The debate over whether to stick with the half-century-old Minuteman III intercontinental ballistic missile or replace it with the Ground Based Strategic Deterrent program just got a whole lot easier. On May 12, Gen. Timothy Ray, commander of U.S. Air Force Global Strike Command, confirmed that extending the Minuteman III through 2075 would actually cost $38 billion more than developing the GBSD.

With this new information, how can anyone still argue for keeping a missile mired in 1960s-era technology over building a new one that’s 28 percent cheaper?

With a price tag of about $95 billion, the GBSD program has long been criticized as too costly. The critics argue that money would be better spent on other priorities, like combating climate change. Meanwhile, they say, the Minuteman III can ensure the nation’s security for a while longer.

But sustaining missiles built before there was even an internet is no cheap task. Adm. Charles Richard, commander of U.S. Strategic Command, recently testified that some parts of the Minuteman III system are so old that contractors no longer know how to make them. And trying to retrofit cyber-secure software into a system built before cyber existed will certainly be expensive.

The Air Force initially estimated that extending the Minuteman III would cost only $1.1 billion more than GBSD. But that cost difference has now skyrocketed to $38 billion because the earlier estimate assumed that programs to update key missile parts — like the propulsion system, missile guidance set and rocket engines — would get underway in 2015 or 2016. Since the Air Force selected GBSD as the better option for the nation, those decision points have long passed.

Now, switching course and starting those programs this much closer to the Minuteman III’s planned retirement at the end of the decade would cost billions more. That’s what Gen. Ray meant when he said: “We’re out of time” with respect to extending the Minuteman III.

Case closed on the Minuteman III debate? Not so fast.

The $38 billion difference applies to extending Minuteman III through 2075 — the same expected length as the GBSD’s lifetime. But many critics propose only extending the Minuteman III for a shorter period of time — through 2040, for instance — while reducing the number of Minuteman III missiles. This option, they say, will be cheaper than GBSD.

There are three major problems with this argument.

First, extending the Minuteman III for a shorter amount of time won’t actually cost much less. The bulk of expenses required to continue using the missile, like starting component upgrade programs, must be paid regardless of the length of the Minuteman extension. In 2016, Gen. Robin Rand, the head of Air Force Global Strike Command at the time, testified that “the cost would not be less if we extend [Minuteman III] until only 2045 because it faces near-term age-out and attrition of assets.”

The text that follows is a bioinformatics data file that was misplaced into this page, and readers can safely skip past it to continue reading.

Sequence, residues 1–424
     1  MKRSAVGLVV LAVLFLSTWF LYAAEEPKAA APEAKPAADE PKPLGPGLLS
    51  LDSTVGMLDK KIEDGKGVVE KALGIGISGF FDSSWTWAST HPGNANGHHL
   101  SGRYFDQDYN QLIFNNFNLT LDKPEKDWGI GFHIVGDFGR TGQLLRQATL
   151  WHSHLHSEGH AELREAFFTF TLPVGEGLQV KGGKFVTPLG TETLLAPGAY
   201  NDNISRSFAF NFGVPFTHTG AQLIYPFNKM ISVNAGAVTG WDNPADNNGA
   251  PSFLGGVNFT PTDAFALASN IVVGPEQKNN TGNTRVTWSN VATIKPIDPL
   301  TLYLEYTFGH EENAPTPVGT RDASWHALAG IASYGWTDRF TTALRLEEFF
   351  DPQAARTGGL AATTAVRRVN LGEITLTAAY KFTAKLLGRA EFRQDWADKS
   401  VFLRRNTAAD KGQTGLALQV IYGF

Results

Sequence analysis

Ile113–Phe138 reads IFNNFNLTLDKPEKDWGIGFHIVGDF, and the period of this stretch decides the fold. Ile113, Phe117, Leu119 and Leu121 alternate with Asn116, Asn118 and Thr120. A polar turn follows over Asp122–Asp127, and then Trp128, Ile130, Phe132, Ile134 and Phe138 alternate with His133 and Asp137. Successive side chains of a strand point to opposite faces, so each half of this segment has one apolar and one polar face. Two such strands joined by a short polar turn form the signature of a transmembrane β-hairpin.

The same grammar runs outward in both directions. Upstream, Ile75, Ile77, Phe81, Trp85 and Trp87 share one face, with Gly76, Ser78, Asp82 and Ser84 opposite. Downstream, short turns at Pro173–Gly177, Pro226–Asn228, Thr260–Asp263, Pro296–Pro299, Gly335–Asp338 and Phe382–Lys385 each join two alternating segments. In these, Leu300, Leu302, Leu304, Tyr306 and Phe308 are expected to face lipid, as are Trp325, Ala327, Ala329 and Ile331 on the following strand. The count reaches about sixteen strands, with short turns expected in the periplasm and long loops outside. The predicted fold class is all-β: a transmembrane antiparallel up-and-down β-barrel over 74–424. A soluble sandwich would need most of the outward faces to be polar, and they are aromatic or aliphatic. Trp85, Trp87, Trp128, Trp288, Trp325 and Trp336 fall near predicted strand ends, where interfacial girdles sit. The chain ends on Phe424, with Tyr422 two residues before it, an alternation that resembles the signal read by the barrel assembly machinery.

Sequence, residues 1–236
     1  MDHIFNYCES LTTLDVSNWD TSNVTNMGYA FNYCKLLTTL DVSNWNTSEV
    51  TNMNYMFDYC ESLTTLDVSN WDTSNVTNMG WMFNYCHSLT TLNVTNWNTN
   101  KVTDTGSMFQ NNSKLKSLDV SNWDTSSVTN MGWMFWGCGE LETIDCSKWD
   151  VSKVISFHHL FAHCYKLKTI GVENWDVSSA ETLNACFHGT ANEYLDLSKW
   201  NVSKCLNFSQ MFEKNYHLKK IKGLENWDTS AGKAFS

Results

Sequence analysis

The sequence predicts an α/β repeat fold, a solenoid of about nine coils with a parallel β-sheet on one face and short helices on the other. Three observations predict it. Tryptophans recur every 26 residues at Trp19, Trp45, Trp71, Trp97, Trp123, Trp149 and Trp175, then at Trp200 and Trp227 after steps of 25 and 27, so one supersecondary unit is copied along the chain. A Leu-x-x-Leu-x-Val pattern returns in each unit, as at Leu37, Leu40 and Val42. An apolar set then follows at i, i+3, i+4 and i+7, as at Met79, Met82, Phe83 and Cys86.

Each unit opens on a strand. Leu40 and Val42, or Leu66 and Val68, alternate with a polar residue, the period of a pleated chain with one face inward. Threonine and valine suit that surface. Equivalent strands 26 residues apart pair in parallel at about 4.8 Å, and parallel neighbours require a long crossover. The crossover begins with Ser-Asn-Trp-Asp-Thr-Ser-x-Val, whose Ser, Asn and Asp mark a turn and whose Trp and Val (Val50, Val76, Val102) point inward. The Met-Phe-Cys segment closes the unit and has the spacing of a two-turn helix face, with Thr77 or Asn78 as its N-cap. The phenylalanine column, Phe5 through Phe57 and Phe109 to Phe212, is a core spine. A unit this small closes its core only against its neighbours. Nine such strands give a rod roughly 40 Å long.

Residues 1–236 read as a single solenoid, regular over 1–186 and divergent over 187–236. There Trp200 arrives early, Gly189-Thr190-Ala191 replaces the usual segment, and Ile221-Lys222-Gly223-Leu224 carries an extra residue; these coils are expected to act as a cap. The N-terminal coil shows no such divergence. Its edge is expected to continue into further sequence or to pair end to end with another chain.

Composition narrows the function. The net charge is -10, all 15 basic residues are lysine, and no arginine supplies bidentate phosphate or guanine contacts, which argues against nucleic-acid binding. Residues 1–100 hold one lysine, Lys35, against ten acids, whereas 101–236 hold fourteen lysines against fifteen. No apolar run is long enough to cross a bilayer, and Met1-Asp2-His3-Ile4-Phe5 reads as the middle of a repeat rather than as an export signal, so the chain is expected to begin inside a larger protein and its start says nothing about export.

If the Air Force reduces the Minuteman III fleet enough, then perhaps it can break even with the cost of GBSD. But this would leave the country with a smaller, weaker force when it could have a modern missile in needed numbers through 2075 for the same price.

Second, extending Minuteman III and reducing the fleet would imply unilateral force reductions. Senior officials have repeatedly advised against unilateral reductions because doing so would remove an incentive for our adversaries to negotiate arms control. As Sen. Deb Fischer, R-Neb., aptly questioned: “Why would our competitors agree to new rounds of arms reductions if they knew the U.S. was cutting its forces anyway, regardless of whether they agreed to do the same?”

Third, and most importantly, extending the Minuteman III would make the U.S. missile fleet less credible and less safe. The threat to the U.S. has significantly advanced since the Minuteman III was designed in the 1960s to deter the Soviet Union. For deterrence to be effective, adversaries must believe U.S. capabilities will work as intended and make it to their targets. But as Adm. Richard stated: “Minuteman III is increasingly challenged in its ability to do that.”

For instance, the Minuteman III will lack the advanced cyber defense being built into the GBSD. If adversaries think they can defeat our ICBMs with a cyberattack, doing so may become more attractive.

Sustaining a missile from 50 years ago is also less safe than handling a new missile updated with 21st century safety features. As Gen. Ray explained, every time a Minuteman III missile needs maintenance, the nuclear warhead itself needs to be removed and exposed. With GBSD, the Air Force expects a two-thirds reduction in the number of times a nuclear warhead gets exposed. This will lower both accident risks and sustainment costs.

This leaves the United States with a choice between a 1960s-era missile with increasing vulnerabilities or a brand-new missile with advanced safety features, resilience against threats and $38 billion back in the American taxpayers’ pockets. It is time to put this debate to rest.

Patty-Jane Geller is a policy analyst specializing in nuclear deterrence and missile defense at the Heritage Foundation’s Center for National Defense.